Oct 24, 2012

Can Andrea Rossi's Infinite-Energy Black Box Power The World--Or Just Scam It?

POPSCI: Rossi--a lone Italian inventor with no real credentials and a history as a convicted scam artist--has convinced a small army of researchers that his box can harness a new type of nuclear reaction. What if they're right?

On January 14, 2011, a 61-year-old Italian inventor named Andrea Rossi staged a spectacular demonstration.
In a warehouse in Bologna, he switched on a strange contraption that looked like a leg of lamb wrapped in aluminum foil. He called it the “E-Cat,” short for “energy catalyzer.” It contained a pinch of powdered nickel, a puff of hydrogen gas, and a dash of a secret catalyst. When the mixture was heated with an electrical current, a mysterious reaction occurred, generating large amounts of excess heat—far more than any known chemical reaction could produce. The heat boiled water into steam. The steam could be used to spin a turbine to make electricity.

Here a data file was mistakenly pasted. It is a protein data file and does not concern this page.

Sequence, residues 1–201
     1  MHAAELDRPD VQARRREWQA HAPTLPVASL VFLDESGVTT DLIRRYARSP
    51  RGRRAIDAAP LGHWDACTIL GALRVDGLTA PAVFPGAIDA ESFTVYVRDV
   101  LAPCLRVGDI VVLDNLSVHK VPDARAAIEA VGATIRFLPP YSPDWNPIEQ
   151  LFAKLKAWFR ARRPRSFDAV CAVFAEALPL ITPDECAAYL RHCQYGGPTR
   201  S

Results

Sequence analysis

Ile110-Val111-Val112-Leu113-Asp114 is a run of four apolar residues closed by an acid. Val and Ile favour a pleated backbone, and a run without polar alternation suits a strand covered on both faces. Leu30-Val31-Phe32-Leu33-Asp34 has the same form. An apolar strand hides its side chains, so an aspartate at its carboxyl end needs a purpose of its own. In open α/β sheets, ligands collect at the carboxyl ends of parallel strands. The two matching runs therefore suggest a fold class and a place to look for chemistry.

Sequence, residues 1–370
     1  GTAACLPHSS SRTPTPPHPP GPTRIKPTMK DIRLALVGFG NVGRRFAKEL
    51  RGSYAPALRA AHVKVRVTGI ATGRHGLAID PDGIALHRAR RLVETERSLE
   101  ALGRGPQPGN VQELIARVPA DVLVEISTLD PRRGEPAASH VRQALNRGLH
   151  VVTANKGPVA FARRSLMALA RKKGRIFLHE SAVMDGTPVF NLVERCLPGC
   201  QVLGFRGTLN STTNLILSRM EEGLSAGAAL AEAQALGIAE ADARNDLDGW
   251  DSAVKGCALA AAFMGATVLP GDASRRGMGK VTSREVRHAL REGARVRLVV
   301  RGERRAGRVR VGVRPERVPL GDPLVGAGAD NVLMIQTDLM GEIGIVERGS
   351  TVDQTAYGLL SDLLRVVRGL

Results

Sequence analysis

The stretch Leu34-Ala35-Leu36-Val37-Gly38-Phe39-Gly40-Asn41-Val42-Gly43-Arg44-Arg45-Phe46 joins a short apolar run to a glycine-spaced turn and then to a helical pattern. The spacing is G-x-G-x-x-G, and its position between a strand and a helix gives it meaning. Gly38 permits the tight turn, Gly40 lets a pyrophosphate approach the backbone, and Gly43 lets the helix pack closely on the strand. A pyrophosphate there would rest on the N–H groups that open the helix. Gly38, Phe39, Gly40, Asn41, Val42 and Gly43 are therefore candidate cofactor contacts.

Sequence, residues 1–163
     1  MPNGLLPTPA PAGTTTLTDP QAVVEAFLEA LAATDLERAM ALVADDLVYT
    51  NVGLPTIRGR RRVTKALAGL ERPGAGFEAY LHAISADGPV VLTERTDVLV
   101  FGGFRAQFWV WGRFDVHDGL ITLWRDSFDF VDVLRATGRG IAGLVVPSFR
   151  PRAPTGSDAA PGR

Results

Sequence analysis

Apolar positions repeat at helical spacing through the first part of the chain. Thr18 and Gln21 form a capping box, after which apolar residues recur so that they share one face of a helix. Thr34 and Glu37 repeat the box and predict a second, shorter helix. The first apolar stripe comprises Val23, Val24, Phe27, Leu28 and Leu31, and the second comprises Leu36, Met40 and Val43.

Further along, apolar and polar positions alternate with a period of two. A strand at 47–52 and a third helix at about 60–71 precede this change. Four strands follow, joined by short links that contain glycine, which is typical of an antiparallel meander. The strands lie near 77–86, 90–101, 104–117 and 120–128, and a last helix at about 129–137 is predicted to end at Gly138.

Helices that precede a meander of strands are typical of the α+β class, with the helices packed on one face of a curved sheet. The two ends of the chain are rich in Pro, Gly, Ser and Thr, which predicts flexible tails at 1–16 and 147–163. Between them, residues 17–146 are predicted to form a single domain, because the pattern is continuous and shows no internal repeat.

Here, Rossi claimed, was a machine that harnessed a previously unknown type of nuclear reaction—a machine that could produce nearly infinite energy cheaply and with no radioactive by-products. It would put the oil companies out of business. It would enable humanity to explore space on the cheap. It would change the world overnight.
A handpicked audience of 40 journalists and scientists watched Rossi’s E-Cat gurgle steam for an hour. Physicist Francesco Celani, who had traveled to Bologna from Rome, brought along a spectrometer to measure spikes in gamma radiation, which could provide evidence that nuclear reactions did indeed power Rossi’s machine; Rossi demanded that Celani turn it off, lest he divine his secrets.

Despite the rebuff, three weeks later Celani presented observations of Rossi’s “black box,” as he called it, at a special session of the 16th International Conference on Cold Fusion. He also circulated an e-mail in which he estimated that Rossi’s E-Cat produced 15 to 20 times more energy than it consumed.

If it were true, Rossi’s invention would be a miracle—the boundless energy source that physicists have been pursuing since the dawn of the nuclear age. But could it be true? Could a solo inventor working out of a warehouse in Bologna really have built a fusion device that could power the planet?

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